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Author Topic: Epson Exhibition Fiber Paper Revisited  (Read 7932 times)

Ernst Dinkla

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Re: Epson Exhibition Fiber Paper Revisited
« Reply #20 on: November 12, 2013, 10:20:01 am »

Not that I know anything but it seems like they very often have sales on paper so that's nothing 'new' although w/ the advent of iPads and the like, there is even less incentive to print (ala mass market (it'd be interesting to see sales figures for low-end printers and CVS kiosk printing)), who knows what the issue w/ Ilford is/was and just like cameras, things have gotten good enough to 'so good' that until there is something disruptive, the camera and printer makers are shuffling deck chairs to introduce 'new and improved' enough to warrant stepping up.

Some paper mills are running at 1/3 of their capacity. Both a bad economy and the change to other media are to blame. There will remain a market for good prints but I expect not all the manufacturers-distributors we know will still be around in 2015.

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cortlander

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Re: Epson Exhibition Fiber Paper Revisited
« Reply #21 on: November 12, 2013, 10:59:01 am »

One wonders whether all these sales, combined with the recent upheavals at Ilford Imaging GmBH, combined with an apparent slow-down in the production of new printer models are precursors of the demise of the printing era.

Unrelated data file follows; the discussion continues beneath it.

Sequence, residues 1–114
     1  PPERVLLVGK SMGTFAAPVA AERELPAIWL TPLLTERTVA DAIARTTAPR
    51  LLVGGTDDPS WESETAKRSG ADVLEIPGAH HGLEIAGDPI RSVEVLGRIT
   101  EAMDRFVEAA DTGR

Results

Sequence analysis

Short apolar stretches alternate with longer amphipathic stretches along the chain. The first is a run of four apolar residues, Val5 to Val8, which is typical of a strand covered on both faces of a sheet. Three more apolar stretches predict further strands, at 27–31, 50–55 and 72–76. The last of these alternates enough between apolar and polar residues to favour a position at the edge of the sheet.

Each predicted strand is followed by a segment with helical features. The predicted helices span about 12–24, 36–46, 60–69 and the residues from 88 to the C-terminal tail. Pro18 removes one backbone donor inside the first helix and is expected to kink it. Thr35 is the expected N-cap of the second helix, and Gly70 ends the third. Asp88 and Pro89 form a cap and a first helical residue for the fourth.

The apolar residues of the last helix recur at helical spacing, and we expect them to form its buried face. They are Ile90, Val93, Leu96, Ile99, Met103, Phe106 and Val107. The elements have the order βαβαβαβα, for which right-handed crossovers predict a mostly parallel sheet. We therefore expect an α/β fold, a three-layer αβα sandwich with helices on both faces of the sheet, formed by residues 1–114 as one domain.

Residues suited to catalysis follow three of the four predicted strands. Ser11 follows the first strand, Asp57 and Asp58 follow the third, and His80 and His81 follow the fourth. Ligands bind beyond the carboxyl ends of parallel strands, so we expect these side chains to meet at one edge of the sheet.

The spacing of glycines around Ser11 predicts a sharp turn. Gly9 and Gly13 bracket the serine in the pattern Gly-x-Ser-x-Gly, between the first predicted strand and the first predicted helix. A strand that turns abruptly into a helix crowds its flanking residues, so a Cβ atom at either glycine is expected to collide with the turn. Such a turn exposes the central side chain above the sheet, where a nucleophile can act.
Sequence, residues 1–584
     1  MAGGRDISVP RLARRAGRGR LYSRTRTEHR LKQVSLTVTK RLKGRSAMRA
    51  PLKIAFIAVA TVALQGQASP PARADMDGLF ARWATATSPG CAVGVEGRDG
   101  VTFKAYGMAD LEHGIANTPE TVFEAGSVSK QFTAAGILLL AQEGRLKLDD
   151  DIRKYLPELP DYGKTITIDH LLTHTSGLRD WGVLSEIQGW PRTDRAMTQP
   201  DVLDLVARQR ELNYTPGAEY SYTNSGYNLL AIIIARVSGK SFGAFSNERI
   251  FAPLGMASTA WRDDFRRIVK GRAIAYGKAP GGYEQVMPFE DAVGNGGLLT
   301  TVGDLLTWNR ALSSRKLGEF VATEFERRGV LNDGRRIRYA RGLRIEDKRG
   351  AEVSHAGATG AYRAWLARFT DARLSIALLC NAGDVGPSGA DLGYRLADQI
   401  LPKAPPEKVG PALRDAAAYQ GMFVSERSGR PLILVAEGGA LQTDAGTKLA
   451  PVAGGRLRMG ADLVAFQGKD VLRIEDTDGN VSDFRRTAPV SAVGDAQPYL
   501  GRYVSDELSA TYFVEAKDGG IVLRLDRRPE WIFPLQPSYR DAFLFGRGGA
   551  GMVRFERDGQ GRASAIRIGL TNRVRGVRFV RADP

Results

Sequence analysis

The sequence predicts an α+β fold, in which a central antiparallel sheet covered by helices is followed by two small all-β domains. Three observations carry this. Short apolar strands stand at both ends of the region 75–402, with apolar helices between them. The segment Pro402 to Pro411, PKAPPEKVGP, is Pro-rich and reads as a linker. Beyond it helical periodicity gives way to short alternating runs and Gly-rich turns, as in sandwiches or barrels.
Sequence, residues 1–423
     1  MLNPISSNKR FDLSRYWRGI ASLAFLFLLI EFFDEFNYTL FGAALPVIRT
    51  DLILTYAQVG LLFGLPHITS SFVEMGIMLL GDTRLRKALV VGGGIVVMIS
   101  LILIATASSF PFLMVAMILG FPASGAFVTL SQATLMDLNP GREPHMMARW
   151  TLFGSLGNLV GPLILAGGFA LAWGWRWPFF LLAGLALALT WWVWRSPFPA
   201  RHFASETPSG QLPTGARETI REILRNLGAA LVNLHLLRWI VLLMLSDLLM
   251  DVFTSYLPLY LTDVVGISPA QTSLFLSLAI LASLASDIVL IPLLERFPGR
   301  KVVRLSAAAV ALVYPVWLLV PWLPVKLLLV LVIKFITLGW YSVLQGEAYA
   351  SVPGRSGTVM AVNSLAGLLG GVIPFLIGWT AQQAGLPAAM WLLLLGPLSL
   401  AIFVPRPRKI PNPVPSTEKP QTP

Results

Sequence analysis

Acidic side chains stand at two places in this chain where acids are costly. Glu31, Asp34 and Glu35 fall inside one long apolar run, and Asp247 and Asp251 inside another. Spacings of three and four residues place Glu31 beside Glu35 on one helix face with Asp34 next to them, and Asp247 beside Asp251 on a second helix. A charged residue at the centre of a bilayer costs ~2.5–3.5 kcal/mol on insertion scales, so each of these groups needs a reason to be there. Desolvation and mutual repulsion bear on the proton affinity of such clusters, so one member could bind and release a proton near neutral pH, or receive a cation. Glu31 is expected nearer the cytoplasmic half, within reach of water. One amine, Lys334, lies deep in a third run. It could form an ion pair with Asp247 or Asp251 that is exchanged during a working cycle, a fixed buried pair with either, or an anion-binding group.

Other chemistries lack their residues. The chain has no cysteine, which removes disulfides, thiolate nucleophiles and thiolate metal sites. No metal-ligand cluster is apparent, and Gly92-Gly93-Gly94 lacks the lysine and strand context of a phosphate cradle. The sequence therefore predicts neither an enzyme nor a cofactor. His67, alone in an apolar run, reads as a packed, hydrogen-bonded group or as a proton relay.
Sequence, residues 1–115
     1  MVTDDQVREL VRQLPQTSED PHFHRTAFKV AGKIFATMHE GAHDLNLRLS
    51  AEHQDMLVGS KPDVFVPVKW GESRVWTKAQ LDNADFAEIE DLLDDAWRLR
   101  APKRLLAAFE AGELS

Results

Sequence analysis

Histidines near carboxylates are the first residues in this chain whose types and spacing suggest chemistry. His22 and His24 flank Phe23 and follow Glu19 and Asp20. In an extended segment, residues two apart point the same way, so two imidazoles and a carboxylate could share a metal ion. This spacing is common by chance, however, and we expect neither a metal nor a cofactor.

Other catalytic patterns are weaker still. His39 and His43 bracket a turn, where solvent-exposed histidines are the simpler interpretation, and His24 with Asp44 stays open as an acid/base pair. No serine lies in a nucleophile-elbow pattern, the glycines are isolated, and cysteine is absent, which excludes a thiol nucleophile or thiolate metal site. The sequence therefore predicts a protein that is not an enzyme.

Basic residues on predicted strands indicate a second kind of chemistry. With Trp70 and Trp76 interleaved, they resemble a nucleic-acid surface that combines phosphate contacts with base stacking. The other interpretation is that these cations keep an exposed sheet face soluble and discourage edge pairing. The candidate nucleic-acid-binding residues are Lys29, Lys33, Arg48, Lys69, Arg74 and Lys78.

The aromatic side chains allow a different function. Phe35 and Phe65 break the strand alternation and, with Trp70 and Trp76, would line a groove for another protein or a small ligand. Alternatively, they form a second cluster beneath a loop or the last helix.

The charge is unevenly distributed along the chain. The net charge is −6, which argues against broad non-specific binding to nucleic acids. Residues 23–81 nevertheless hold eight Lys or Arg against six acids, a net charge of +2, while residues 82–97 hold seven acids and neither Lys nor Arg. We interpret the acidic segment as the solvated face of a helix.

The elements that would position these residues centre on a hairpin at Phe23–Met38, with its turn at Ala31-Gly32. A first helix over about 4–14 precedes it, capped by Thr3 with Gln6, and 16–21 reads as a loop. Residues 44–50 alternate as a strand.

I sincerely hope not...printing is a hobby I discovered a year ago and with the quality of stuff even an amateur can do today, from the photograph to process to print it almost feels like the golden age of photography.

Epson did have this identical rebate of 25% off for up to 5 items last December as well.
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Alan Goldhammer

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Re: Epson Exhibition Fiber Paper Revisited
« Reply #22 on: November 12, 2013, 03:46:34 pm »

One wonders whether all these sales, combined with the recent upheavals at Ilford Imaging GmBH, combined with an apparent slow-down in the production of new printer models are precursors of the demise of the printing era.